It's true that leading "moderate" Democrats and even some self-described "progressives" have routinely functioned as enablers for the rightward tilt of national politics—a bad dynamic that has continued on Capitol Hill in the midst of the pandemic under leadership from Nancy Pelosi and Chuck Schumer. Not wanting to seem obstructionist often ends up being helpful to right-wing agendas.
But here's a key point: People who deny or downplay the real threat of neo-fascism consolidating itself via Trump's re-election are, in effect, serving as enablers for the forces of the virulent extreme right that already controls so much of the U.S. government.
"It's important to remember that right now, the issue of greatest urgency is to get rid of the malignancy in the White House," Noam Chomsky said in an interview last week. "If we don't do that, everything else pales into insignificance. To keep this for another four years means racing to the abyss on global warming, possibly reaching irreversible tipping points, sharply increasing the threat of nuclear war, stuffing the judiciary with young, ultra-right, mostly unqualified lawyers who will guarantee that anything to the left of Attila the Hun can't survive for a generation, and on and on. This is top priority."
In that video interview with The Intercept, Chomsky added: "There's a thing called arithmetic. You can debate a lot of things, but not arithmetic. Failure to vote for Biden in this election in a swing state amounts to voting for Trump. Takes one vote away from the opposition, same as adding one vote to Trump. So, if you decide you want to vote for the destruction of organized human life on Earth. . . then do it openly. . . . But that's the meaning of 'Never Biden.'"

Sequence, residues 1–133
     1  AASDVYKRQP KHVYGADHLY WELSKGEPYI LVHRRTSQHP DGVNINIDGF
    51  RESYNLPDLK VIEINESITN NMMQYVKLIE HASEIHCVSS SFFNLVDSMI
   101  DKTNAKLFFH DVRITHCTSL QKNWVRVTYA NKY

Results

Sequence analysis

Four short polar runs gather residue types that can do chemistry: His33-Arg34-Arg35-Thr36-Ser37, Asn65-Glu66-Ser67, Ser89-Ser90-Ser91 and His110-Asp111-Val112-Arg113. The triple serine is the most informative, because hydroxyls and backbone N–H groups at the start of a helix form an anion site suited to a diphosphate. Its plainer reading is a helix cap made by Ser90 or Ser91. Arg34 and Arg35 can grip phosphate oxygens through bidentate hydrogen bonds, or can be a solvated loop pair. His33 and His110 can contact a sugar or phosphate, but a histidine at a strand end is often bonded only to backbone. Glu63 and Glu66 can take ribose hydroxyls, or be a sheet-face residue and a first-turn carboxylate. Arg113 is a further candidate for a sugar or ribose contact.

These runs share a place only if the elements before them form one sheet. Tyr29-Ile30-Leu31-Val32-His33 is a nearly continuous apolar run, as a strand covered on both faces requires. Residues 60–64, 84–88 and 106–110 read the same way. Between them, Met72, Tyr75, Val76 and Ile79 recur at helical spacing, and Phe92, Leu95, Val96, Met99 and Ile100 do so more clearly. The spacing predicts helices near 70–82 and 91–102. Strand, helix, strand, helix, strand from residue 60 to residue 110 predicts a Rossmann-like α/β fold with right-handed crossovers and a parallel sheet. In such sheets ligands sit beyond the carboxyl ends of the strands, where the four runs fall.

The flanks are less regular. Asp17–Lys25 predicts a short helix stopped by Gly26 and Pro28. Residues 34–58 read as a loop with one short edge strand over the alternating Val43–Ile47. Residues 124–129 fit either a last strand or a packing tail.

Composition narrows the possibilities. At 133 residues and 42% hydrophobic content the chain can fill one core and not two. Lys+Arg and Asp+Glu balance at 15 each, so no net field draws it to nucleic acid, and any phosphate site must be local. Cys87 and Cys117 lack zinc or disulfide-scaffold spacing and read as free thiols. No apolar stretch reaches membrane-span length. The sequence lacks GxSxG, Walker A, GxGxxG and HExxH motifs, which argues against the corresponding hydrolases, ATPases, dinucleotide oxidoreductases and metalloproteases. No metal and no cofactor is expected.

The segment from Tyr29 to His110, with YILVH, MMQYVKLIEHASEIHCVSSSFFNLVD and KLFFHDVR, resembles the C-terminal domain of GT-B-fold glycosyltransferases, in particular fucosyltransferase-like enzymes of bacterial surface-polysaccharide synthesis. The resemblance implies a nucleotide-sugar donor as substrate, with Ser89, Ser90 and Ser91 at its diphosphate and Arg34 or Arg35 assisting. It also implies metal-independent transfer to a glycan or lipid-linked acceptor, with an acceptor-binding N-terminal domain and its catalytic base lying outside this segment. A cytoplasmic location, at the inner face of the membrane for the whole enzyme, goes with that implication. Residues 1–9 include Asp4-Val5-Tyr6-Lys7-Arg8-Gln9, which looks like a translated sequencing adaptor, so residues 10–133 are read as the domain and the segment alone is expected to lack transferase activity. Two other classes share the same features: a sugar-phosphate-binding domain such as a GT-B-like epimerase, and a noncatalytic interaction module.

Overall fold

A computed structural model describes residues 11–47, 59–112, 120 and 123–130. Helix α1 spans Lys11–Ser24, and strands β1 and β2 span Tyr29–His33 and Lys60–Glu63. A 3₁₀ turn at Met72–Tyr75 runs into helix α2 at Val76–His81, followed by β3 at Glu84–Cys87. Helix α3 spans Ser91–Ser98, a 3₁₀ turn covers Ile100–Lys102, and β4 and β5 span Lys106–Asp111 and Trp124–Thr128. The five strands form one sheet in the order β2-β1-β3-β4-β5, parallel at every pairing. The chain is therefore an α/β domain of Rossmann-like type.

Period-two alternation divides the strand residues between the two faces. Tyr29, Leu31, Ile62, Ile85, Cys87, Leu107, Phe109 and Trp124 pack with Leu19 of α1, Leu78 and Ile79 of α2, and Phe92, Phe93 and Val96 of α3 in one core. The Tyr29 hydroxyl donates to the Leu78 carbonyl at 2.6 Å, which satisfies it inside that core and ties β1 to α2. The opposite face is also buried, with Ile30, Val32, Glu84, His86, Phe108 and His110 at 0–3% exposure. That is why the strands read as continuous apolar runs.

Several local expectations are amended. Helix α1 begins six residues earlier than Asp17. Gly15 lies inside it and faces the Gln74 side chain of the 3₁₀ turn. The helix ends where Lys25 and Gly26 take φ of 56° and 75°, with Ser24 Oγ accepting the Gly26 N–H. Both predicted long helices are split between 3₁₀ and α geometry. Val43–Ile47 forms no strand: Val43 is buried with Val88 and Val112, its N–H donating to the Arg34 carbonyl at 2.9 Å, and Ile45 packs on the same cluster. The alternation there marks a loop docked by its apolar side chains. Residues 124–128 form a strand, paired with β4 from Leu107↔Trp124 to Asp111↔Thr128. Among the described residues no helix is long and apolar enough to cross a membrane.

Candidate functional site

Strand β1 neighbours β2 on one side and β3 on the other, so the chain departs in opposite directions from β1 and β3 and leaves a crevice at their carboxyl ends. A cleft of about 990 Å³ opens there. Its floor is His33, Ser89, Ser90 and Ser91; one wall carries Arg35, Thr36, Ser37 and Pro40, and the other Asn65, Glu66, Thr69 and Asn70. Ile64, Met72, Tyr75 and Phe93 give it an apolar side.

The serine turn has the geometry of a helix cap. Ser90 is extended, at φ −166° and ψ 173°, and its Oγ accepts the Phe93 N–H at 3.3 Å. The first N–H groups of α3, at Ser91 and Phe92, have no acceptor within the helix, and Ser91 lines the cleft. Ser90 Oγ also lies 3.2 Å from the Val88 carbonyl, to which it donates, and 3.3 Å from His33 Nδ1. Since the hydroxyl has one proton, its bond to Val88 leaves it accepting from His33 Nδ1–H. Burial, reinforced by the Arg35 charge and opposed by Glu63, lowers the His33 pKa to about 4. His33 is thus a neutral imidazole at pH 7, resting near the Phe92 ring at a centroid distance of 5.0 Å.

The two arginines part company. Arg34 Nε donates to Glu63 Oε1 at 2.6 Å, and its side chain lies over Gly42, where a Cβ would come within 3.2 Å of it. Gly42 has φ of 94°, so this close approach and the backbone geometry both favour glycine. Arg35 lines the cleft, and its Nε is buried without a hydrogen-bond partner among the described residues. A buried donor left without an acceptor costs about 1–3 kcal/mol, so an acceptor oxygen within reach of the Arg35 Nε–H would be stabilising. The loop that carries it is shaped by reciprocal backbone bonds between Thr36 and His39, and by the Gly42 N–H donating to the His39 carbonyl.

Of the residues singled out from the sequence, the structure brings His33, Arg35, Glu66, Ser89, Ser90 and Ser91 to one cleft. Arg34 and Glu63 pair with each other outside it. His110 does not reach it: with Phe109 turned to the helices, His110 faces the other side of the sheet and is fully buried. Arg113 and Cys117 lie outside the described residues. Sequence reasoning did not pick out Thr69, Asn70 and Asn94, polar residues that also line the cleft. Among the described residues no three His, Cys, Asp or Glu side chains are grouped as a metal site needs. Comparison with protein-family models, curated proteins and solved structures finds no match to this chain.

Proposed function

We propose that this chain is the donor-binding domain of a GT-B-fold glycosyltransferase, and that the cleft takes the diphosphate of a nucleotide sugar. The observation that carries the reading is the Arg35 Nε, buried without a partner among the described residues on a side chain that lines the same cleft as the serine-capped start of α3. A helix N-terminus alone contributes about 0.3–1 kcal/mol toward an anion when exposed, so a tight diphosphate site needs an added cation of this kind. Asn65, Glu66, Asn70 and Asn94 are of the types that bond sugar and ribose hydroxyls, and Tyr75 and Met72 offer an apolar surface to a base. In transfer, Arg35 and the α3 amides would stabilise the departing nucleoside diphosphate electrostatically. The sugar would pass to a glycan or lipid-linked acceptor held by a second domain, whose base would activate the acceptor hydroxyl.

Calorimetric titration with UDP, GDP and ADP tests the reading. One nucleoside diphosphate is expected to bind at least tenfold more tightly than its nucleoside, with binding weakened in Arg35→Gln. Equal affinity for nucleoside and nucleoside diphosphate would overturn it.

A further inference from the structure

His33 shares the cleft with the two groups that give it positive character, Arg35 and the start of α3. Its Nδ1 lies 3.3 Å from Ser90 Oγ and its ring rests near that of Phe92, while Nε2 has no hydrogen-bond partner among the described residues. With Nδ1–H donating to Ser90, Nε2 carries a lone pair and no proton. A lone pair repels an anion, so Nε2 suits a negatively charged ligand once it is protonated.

In "How Fascism Works," Professor Stanley addressed "fascist politics"—and repeatedly used that term when describing the Trump-led Republican Party.
For those in the USA who recoil at applying such a phrase to today, preferring to call it hyperbole, Stanley's book sheds clear light on an insidious process that normalizes and obscures: "Normalization of fascist ideology, by definition, would make charges of 'fascism' seem like an overreaction, even in societies whose norms are transforming along these worrisome lines. Normalization means precisely that encroaching ideologically extreme conditions are not recognized as such because they have come to seem normal. The charge of fascism will always seem extreme; normalization means that the goalposts for the legitimate use of 'extreme' terminology continually move."
Meanwhile, Stanley wrote, "Fascist politics exchanges reality for the pronouncements of a single individual, or perhaps a political party. Regular and repeated obvious lying is part of the process by which fascist politics destroys the information space. A fascist leader can replace truth with power, ultimately lying without consequence. By replacing the world with a person, fascist politics makes us unable to assess arguments by a common standard. The fascist politician possesses specific techniques to destroy information spaces and break down reality."
Norman Solomon is co-founder and national coordinator of RootsAction.org. His books include "War Made Easy: How Presidents and Pundits Keep Spinning Us to Death" and "Made Love, Got War: Close Encounters with America's Warfare State." He is the founder and executive director of the Institute for Public Accuracy.